"Today we talk about justice, today we talk about racism. And I must tell you, it gives me no pleasure to tell you that we now have a president of the United States who is a racist," Sanders said on the steps of the South Carolina statehouse in Columbia.

"We are gathered together because we believe in our democracy, and we know in this country the power of the people is always greater than the people in power," said Booker, who referenced a "spiritual dissatisfaction" with the current state of American society in his speech.

"We're dissatisfied that we live in a society that's getting seduced by celebrity and forget that significance is more important than celebrity, that purpose is more important than popularity, that we cannot be a nation that loves power more than it loves people," Booker added.

Sanders, who was Hillary Clinton's top rival for the Democratic presidential nomination in 2016, won just 26 percent of the vote in South Carolina in the 2016 Democratic primary, a harbinger of his later struggles with black voters, who propelled Clinton to victory in every single southern state.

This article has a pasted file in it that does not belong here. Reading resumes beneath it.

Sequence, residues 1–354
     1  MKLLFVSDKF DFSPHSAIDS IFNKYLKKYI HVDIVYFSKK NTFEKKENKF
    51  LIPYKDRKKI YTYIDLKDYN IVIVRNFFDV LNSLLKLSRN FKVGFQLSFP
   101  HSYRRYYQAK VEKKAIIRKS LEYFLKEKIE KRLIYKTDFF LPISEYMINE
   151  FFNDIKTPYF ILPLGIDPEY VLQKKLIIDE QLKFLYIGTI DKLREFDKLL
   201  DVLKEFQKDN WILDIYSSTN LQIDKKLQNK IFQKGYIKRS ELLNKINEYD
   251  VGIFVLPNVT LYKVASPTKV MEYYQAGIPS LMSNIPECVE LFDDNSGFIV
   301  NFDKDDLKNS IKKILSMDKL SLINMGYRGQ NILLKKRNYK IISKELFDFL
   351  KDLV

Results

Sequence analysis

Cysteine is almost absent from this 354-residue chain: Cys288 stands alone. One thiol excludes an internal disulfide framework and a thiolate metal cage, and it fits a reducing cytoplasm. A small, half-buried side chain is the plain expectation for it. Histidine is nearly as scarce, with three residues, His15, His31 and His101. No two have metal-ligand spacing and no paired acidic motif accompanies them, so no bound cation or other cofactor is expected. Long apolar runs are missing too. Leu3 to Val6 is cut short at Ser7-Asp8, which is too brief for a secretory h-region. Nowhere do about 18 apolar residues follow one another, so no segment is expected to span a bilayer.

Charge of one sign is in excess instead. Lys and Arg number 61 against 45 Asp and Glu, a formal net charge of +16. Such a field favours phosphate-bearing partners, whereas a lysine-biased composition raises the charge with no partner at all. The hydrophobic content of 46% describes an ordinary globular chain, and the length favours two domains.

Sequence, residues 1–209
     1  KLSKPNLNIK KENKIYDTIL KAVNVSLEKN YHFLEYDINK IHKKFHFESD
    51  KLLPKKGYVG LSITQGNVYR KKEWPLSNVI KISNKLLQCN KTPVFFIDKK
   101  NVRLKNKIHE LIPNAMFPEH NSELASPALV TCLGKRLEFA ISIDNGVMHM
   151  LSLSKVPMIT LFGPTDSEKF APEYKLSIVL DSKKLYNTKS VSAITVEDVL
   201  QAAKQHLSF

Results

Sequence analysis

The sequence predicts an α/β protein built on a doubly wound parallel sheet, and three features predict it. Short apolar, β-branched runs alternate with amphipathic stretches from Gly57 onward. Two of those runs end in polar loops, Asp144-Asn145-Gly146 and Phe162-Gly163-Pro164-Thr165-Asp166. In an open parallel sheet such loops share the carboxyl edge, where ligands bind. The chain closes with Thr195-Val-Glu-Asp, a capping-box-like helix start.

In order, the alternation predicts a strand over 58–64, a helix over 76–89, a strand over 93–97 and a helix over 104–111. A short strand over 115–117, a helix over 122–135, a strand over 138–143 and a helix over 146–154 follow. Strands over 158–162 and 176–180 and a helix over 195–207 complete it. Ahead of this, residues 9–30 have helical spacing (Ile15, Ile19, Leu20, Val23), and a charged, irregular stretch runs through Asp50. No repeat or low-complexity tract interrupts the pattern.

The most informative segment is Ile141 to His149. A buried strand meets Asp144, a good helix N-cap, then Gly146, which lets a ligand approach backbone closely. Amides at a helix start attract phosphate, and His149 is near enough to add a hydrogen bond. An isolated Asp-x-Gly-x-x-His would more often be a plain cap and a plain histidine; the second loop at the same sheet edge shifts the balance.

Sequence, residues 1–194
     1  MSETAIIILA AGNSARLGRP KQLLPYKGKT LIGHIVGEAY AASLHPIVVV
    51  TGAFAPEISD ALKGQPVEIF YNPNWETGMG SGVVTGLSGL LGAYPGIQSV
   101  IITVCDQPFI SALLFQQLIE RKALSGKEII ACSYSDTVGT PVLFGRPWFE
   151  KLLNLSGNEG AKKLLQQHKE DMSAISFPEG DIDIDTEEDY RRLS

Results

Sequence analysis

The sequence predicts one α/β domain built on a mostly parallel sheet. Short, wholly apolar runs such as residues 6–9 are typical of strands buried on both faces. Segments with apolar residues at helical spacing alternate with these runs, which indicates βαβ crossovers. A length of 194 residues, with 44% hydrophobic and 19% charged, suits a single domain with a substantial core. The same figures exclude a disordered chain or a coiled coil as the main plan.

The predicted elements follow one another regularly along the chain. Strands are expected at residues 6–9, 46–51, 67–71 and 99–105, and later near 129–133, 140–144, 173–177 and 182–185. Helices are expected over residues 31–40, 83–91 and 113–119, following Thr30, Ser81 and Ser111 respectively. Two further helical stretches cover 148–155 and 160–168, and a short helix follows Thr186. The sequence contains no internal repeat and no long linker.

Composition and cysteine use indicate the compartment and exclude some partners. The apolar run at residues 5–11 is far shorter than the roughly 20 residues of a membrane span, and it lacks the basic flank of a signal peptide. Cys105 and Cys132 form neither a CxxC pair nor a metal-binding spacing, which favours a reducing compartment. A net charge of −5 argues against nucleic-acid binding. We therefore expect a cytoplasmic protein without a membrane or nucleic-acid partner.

Sen. Kirsten Gillibrand, (D-NY) who last week announced the formation of a presidential exploratory committee and is fresh off her first campaign swing in Iowa, joined at a National Action Network event in Harlem.

PHOTO: Sen. Kirsten Gillibrand speaks with reporters during a news conference, Jan. 16, 2019, in Brunswick, N.Y. Hans Pennink/AP
Sen. Kirsten Gillibrand speaks with reporters during a news conference, Jan. 16, 2019, in Brunswick, N.Y.

She struck an aspirational tone while decrying what she says are Trump's attempts to "tear this country apart."

"Every generation has chosen to make a more perfect union, to bring more people into those rights. For a reason –- because that’s who we are as Americans. Despite all our flaws. We want to bring people together, not tear them apart," Gillibrand said at an event alongside Sharpton and other elected officials in New York City.